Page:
Counting raindrops in Thar

Published: September 2, 2010

Children transporting water which they need to survive instead of being in school

Children transporting water which they need to survive instead of being in school A local checking for available water Rainwater slowly trickles down a window at a home in Karachi

When I was penning my thoughts to share with you all, water was pouring down from the clouds in Karachi. Rain drops were splashing on my window and with each drop that dripped I pictured water traveling down the Himalayas, through the streams and rivers, making its way to the ocean, changing into vapours, reaching the skies and then pouring outside my window. The beauty of the water cycle system is bewildering!

When this precious water floods our streets and finds its way to the drains, I feel we could do so much with this it only if we knew how to utilise it. The idea of rainwater harvesting has occupied my mind for some time and prompted me to learn more about it.

One day when I was talking to a friend, who works at a highly respected fertiliser company, he told me that his company has been harvesting rain water in the Thar Desert for slightly more than a year. This made me jump with excitement! I wanted to know all about the project.

Imagine that you live in a desert where it only rains just once in a year, your house does not have any water pipelines or link to canals, your only water source is a well that is three to four kilometres away. Both male and female members of your family need to travel for hours to fetch water. Your children will not go to schools and your principle bread winner will not be able to work because they spend half the day fetching water. The same cycle is repeated everyday through out the year.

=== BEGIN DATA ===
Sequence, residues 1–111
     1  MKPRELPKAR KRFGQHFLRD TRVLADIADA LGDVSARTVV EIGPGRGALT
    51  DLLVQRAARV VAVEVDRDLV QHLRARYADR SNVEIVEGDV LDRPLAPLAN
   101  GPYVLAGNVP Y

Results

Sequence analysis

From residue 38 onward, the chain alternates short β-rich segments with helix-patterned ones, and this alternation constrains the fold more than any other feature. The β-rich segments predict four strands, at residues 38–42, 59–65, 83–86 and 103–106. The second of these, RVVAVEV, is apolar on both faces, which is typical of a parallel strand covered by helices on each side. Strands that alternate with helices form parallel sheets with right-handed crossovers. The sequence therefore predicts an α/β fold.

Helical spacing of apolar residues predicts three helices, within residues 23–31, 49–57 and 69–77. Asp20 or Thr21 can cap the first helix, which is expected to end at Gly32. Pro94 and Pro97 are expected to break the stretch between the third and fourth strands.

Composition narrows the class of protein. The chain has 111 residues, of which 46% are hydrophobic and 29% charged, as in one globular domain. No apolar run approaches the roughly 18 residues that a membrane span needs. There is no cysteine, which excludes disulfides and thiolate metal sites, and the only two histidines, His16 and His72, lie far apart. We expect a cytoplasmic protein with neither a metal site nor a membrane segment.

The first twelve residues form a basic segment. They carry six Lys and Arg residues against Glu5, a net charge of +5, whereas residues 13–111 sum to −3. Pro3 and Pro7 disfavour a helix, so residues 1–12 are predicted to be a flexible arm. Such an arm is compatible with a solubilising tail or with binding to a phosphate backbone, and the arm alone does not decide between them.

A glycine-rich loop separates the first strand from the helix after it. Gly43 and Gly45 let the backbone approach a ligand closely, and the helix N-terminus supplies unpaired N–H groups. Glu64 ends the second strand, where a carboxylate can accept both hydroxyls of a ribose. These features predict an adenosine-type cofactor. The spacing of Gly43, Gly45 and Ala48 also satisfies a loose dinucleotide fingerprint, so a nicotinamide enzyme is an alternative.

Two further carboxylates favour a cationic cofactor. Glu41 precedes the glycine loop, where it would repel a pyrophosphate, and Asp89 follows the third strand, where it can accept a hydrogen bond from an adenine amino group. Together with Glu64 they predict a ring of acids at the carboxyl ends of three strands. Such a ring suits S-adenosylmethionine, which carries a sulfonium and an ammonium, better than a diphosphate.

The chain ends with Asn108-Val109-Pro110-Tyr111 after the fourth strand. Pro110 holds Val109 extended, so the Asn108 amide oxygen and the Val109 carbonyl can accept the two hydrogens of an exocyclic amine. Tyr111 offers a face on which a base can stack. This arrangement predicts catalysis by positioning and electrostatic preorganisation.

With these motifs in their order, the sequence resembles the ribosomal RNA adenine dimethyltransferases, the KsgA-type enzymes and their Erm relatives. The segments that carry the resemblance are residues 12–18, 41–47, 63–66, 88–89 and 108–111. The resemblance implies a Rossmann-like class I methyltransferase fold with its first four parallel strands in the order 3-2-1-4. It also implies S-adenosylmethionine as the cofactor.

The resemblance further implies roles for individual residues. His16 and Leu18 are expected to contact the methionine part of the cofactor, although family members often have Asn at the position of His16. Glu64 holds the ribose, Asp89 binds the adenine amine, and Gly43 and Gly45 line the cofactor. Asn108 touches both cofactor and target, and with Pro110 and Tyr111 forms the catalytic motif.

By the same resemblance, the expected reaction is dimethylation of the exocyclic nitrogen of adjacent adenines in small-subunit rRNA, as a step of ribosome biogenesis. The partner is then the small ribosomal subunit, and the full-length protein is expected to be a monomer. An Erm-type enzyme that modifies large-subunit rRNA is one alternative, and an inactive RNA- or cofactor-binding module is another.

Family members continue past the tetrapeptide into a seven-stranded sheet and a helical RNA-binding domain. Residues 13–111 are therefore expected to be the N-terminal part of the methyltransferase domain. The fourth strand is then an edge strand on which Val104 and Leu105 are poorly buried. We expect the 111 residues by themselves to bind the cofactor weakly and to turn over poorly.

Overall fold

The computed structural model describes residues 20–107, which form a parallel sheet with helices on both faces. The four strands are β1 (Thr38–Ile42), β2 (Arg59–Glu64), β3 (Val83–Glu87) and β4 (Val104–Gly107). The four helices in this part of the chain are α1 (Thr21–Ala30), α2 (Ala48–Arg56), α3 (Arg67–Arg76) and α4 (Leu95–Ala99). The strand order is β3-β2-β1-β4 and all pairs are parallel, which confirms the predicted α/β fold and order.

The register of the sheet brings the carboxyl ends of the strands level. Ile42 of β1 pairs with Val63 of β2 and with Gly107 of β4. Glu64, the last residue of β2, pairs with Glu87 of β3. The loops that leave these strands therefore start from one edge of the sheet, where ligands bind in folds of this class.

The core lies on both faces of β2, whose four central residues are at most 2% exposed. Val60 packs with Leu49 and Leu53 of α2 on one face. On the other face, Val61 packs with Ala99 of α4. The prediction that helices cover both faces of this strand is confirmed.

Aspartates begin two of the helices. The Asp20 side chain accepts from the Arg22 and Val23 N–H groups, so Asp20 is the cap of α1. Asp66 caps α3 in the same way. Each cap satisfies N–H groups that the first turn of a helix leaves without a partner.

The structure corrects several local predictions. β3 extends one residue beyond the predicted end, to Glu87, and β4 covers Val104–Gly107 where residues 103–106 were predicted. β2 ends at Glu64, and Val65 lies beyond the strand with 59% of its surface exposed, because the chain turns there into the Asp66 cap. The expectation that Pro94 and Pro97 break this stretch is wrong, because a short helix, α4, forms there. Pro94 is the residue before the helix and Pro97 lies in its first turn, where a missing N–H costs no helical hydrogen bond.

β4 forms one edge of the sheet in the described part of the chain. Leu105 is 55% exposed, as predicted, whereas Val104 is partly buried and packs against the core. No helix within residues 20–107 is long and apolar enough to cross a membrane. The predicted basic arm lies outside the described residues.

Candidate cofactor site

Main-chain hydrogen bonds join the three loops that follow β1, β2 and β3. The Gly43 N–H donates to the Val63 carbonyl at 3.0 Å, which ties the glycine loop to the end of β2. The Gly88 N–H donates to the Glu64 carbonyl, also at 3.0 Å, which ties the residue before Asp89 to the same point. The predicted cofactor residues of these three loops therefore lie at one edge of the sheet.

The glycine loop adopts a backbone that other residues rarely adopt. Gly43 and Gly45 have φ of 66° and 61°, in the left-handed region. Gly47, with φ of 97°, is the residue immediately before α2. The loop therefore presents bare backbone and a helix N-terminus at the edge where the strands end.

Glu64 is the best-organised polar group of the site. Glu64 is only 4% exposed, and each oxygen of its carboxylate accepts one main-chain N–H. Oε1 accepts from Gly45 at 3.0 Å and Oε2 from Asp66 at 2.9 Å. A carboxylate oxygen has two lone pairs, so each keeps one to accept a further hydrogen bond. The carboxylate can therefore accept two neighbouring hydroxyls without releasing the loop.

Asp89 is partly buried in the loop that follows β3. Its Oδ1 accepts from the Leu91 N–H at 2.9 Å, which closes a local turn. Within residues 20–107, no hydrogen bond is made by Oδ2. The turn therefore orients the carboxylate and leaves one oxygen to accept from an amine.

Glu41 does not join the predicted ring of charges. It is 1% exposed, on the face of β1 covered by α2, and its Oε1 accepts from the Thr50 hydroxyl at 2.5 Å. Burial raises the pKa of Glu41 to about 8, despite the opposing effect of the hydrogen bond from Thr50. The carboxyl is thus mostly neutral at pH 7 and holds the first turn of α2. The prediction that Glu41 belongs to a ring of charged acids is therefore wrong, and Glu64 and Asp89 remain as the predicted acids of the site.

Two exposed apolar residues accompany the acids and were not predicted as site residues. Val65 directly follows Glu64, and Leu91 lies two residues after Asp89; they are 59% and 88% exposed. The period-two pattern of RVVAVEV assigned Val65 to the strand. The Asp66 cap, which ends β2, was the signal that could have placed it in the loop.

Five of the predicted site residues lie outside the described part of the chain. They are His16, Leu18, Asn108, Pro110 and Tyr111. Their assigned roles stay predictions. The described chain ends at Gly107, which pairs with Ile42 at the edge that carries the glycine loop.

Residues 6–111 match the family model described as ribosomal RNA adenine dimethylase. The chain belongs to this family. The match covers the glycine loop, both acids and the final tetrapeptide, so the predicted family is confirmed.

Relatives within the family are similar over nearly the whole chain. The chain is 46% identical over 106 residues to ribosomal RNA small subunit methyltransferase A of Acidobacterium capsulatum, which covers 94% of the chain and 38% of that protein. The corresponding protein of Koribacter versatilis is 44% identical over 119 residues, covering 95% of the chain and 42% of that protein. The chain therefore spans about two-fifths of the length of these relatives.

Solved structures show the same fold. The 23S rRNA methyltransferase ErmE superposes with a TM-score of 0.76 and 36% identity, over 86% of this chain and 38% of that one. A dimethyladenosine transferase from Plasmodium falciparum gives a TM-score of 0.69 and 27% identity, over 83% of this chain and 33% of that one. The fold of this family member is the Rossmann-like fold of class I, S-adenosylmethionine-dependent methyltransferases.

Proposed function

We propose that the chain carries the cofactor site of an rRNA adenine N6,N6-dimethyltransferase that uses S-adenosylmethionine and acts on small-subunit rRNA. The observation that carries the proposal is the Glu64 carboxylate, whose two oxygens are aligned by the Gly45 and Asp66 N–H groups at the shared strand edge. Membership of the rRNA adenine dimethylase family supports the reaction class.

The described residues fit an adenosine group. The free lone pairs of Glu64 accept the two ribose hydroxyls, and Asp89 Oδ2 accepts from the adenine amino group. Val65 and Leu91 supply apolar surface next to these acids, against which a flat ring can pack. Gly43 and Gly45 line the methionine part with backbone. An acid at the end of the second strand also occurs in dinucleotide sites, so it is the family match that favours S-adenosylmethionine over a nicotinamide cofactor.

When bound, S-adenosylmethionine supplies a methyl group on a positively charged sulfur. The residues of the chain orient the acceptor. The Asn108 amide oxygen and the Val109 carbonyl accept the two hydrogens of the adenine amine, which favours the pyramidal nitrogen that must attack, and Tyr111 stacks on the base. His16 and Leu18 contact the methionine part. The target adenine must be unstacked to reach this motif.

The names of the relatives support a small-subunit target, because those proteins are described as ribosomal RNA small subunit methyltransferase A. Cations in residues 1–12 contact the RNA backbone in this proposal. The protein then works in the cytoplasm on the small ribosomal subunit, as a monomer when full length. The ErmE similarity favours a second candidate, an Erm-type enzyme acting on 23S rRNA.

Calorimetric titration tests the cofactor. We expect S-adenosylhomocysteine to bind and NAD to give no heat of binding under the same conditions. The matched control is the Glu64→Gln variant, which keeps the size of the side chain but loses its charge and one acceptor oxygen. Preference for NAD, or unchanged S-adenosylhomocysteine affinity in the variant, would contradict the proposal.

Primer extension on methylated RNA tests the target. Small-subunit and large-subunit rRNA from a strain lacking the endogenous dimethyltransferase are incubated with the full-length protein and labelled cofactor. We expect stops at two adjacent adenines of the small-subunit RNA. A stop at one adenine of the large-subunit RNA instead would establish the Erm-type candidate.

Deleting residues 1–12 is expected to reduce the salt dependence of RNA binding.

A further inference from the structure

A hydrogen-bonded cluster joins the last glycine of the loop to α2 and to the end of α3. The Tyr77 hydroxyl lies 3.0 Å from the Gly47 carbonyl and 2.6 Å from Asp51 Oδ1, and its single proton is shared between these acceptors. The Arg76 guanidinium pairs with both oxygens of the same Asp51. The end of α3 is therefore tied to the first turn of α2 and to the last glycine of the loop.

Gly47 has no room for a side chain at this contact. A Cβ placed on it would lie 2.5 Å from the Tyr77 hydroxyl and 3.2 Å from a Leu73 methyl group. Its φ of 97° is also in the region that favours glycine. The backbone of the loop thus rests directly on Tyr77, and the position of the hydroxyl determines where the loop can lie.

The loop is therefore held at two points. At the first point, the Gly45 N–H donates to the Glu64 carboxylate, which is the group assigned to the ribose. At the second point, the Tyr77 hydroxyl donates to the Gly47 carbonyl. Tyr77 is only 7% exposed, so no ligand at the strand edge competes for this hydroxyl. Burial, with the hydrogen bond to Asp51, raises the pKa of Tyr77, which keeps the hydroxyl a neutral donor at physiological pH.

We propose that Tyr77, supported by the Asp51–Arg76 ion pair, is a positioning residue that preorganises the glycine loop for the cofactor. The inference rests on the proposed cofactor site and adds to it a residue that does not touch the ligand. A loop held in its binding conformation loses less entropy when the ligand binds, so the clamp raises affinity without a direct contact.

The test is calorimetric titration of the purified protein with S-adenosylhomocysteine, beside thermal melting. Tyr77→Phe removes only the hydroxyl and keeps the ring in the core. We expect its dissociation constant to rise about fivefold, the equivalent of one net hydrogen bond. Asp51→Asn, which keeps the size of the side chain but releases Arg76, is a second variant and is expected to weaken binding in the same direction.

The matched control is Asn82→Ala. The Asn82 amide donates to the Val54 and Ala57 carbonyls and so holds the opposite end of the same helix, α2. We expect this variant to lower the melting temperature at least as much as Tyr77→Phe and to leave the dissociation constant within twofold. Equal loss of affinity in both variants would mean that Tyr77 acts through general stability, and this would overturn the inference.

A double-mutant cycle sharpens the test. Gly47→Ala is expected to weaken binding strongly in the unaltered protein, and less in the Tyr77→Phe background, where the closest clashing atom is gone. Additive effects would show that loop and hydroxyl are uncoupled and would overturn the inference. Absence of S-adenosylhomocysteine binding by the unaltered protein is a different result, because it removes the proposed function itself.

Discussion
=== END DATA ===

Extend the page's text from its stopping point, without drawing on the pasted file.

It’s hard for me to imagine myself in such a situation. Sadly, the people living in the Thar Desert face this life every day. Wells are their only source of water and the water table is declining by 11 per cent each year. Health problems are increasing since most of the water available was saline.

Fortunately a concerned group with close links to the people of the Thar community contacted Engro Polymer and Chemical Limited (EPCL) – who produce geomembranes that are used to avoid water seepage in ponds and other water bodies.

Water conservation models were built for various villages, houses and schools. It fills my heart with joy to share with all of you that the water collected last year in June from the regular rains, lasted till it rained again this year. People are using rain water through out the year which is accessible within 15 minutes.

They are healthier and wealthier as the principle bread winners now have more time to devote to their jobs and have worked to improve their living standards. Children can go to schools. Moreover, local livestock looks well nourished as well. Now that they have water in the desert, they are even trying to grow their own crops.

Isn’t it heart warming to know that some people quietly did their work and changed the lives of thousands and are still working to help all the estimated 1.2 million people of the Thar desert.

The concept of rainwater harvesting has captivated me. I dream of a Pakistan where rainwater harvesting becomes a common practice. Our agricultural lands, deserts and even the urban centres could learn to use rainwater wisely.


Zahra Ali

A freelance writer, gardening teacher and environmentalist. She has been spreading the message of natural living through her blog 'Crops in Pots' since 2008

The views expressed by the writer and the reader comments do not necessarily reflect the views and policies of The Express Tribune.